All mathematical models incorporate a variety of input parameters within a framework structure to compute relevant outcomes (Figure 2). The underlying frameworks can range from relatively simple decision trees to more complex state-transition or Markov models and to even more complex microsimulation models and discrete event simulations, depending on the nature of the process to be modelled. The input parameters (clinical or economic, or both) are often derived from various sources of observational data (for example, rcts and records of medical resource use), but can also include estimates based on assumptions and expert opinion. Model outputs typically include clinical and economic outcomes such as incidence or prevalence, survival, quality of life, life-years, quality-adjusted life-years, costs, and cost-effectiveness. The effects of the uncertainties in input parameters on model outcomes are usually examined through one-way sensitivity analyses and probabilistic sensitivity analyses. The former examine the effect of each parameter independently; the latter simultaneously incorporate all parameter uncertainties so as to understand how interactions in parameter uncertainty could affect model outcomes. Models are also often subjected to a number of validation processes (for example, face, internal, and external validity) in an attempt to reduce bias.

 


 

FIGURE 2 Simplified schema of mathematical models.

A critical appraisal of the evidence stemming from models in medicine is essential5. Indeed, a “hierarchy of evidence” approach (Figure 1) for economic and decision analyses does exist3. As an example, within the levels of evidence set out by the Oxford Centre for Evidence-Based Medicine3, an analysis incorporating clinically sensible costs or alternatives, one or more systematic reviews of the evidence, and multiway sensitivity analyses would be placed higher than another analysis incorporating limited or poor-quality inputs, no systematic review or reviews of the evidence, and only limited or one-way sensitivity analyses. An analysis that does not incorporate sensitivity analyses would rank even lower, and evidence based on “expert opinion” alone would constitute the lowest level of evidence. Conversely, a properly conducted systematic review of multiple economic analyses would often represent the highest level of economic evidence. Other approaches for the critical appraisal of model-based evidence are also available, including scoring systems for economic analyses8 and guidelines for good modelling practices5 and for the conduct of systematic reviews for economic evaluations9. Evidence in medicine that is based on mathematical modelling therefore varies with respect to its strengths and should affect clinical decisions only accordingly.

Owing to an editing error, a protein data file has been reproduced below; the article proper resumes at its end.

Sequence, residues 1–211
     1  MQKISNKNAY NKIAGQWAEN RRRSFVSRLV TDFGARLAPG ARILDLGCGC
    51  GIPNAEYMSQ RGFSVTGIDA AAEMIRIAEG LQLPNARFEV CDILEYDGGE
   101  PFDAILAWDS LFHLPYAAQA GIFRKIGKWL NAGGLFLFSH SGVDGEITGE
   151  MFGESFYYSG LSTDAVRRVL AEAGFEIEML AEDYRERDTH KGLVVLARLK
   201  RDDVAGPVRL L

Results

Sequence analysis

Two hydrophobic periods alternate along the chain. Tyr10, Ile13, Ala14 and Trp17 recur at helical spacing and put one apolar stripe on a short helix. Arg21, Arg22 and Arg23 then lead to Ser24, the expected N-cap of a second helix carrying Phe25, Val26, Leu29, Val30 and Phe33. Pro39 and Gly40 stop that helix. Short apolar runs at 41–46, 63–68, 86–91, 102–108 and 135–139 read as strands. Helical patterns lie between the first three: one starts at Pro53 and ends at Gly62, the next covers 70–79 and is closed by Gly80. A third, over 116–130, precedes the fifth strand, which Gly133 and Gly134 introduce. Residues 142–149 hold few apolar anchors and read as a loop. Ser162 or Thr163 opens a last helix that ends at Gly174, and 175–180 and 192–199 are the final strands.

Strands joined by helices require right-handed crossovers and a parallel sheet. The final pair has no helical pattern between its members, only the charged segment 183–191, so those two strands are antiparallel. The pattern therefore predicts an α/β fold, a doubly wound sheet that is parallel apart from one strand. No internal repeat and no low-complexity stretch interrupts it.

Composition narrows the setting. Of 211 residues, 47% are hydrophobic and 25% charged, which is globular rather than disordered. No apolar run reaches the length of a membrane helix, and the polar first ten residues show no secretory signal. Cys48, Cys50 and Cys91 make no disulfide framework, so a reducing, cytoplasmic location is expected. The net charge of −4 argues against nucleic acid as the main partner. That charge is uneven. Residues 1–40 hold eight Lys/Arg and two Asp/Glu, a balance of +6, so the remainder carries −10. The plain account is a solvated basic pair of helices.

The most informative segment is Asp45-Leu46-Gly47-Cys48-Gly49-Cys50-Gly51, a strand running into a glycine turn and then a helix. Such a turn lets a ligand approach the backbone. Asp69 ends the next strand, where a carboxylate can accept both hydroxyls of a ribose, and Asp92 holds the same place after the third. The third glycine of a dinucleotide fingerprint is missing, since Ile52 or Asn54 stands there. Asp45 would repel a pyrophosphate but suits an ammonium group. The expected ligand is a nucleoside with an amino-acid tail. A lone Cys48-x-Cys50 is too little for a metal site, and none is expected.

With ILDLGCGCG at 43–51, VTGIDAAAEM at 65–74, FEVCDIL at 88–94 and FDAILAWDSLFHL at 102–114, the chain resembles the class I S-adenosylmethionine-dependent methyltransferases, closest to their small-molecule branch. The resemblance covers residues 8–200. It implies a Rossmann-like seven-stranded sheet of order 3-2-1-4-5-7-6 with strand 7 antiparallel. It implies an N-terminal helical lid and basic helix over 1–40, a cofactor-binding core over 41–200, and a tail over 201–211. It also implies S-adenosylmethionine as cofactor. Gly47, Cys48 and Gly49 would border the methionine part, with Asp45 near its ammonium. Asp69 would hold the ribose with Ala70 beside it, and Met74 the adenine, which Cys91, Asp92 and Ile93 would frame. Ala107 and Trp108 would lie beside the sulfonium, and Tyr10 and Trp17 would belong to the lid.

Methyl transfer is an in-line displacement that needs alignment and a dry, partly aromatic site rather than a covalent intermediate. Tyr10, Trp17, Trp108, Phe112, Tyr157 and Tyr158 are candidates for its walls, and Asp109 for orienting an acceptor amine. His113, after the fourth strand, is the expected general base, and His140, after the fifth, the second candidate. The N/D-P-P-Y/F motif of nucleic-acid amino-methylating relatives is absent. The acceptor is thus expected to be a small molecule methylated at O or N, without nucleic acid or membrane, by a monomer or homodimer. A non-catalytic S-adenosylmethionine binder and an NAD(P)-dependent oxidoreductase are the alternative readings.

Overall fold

In this issue of Current Oncology, Gauvreau and colleagues10 highlight Canada’s OncoSim platform—a Web-based suite of cancer-specific microsimulation models designed to augment conventional resources for population-level decision-making in Canada. OncoSim currently comprises three in-depth cancer models (lung, colorectal, cervical), which are built on a common framework, with another in-depth model (breast cancer) and a generalized model (25 cancers) in development. The microsimulation platform is led and supported by the Canadian Partnership Against Cancer, with development by Statistics Canada and funding by Health Canada. The OncoSim platform is freely available online, with user capabilities that allow for customization of a number of input parameters and model outputs. In OncoSim, the input parameters are derived from various Canadian sources, with model validation (that is, face, internal, and external validity) and fit against observed data (calibration). Its outputs can be customized to include cancer burden and outcomes (for example, incidence, mortality, life expectancy, and quality-adjusted life-years) as well as health care resources and economics (for example, procedures or treatments, health care costs, and cost-effectiveness). One-way sensitivity analyses can currently be conducted, and the future plan is to incorporate multiway probabilistic sensitivity analyses.